Sergio Volani – Cambogia

Sergio Volani – Cambogia

A country a bit left aside in the past years, perhaps because of its tragic and fairly recent vicissitudes, Cambodia is a fascinating jewel rich in history for a traveler and even more for a photographer.

Not only the famous site of Angkor Wat, one of the most visited destinations in the world, remained hidden and forgotten for centuries, but much of Cambodia deserves to be visited and experienced.

The Buddhist temples scattered everywhere, the thousands of monks who live there, the lush nature with its large forests, the Tonle Sap lake with its people who live on stilts and move on boats and canoes as we use cars, its incredible and fascinating markets, the excellent local cuisine and the grace and kindness of its population.

Buddhist monasteries are a gathering point for several children and young people who would otherwise have no other opportunity to study and live off the street. Their prayers, their rites, the ceremonies, the blessings to the faithful are a unique opportunity for the photographer and to try to understand a little their philosophy of life.

The markets, as often happens all over the world, are incredible places to meet the varied humanity and pulsating soul of each country or city. From the market for meat and fish, obviously outdoors without refrigerators and invaded by flies and various insects, to the incredible “Russian market” of Phnom Penh, so called because of the attendance of Russian expatriates in the 80s, where, between shops or rather small spaces crammed to the unbelievable, everything is sold and, without dividers, next to the butcher is the “beauty center” or,  Among hundreds of spare parts for motorcycles and bicycles, children, present everywhere, live their days.

Cambodians, at least those I met on my trip, have always been a kind and welcoming population. The possibility of entering their homes, living a few hours with them, eating with them, gave me the opportunity to get to know them a little more closely and know some details of their recent tragic history in the Khmer Rouge years.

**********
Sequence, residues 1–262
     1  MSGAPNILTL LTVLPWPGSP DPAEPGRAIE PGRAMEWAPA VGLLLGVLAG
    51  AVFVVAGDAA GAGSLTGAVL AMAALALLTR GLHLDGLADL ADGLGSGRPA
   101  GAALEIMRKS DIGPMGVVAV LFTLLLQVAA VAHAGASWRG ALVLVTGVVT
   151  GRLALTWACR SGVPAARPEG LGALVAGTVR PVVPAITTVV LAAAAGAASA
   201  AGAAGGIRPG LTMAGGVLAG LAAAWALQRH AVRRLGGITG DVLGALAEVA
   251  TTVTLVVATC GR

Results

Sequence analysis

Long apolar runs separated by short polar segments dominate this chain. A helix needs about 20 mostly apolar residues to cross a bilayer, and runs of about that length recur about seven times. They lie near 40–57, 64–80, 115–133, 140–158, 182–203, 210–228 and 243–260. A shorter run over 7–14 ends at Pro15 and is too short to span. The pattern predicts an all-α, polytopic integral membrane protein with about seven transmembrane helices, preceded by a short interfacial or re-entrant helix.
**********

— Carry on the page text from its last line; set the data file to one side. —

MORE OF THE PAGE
The nearly ninety-year-old ex-fighter has his body covered in tattoos as symbols for the bullet protection of his own compatriots during the bloody civil war of 1975-1979, which caused the death of almost a third of the Cambodian population.  Just visit the Tuol Sleng museum in Phnom Penh (the famous S-21 prison) to realize the absurdity and atrocity of that dark period of their history.

The brutality of that period is now contrasted with the grace and kindness of most of the young Cambodian population. Children, numerous and present everywhere, have fun with what little they have or find on the street. During the many local festivals the girls are often made up and dressed for traditional local dances.

As in all developing countries, the contradictions of local life are pushed to the extreme. Most of the population is poor, not to say very poor, and next to them, in the big city of Phnom Penh, there is the dealer of Rolls Royce, Lamborghini, as well as the shops of the most famous Italian and French fashion designers.

It was a beautiful journey, between past and present, between wealth and poverty, which made me discover another part of our small-big globe on which we live.

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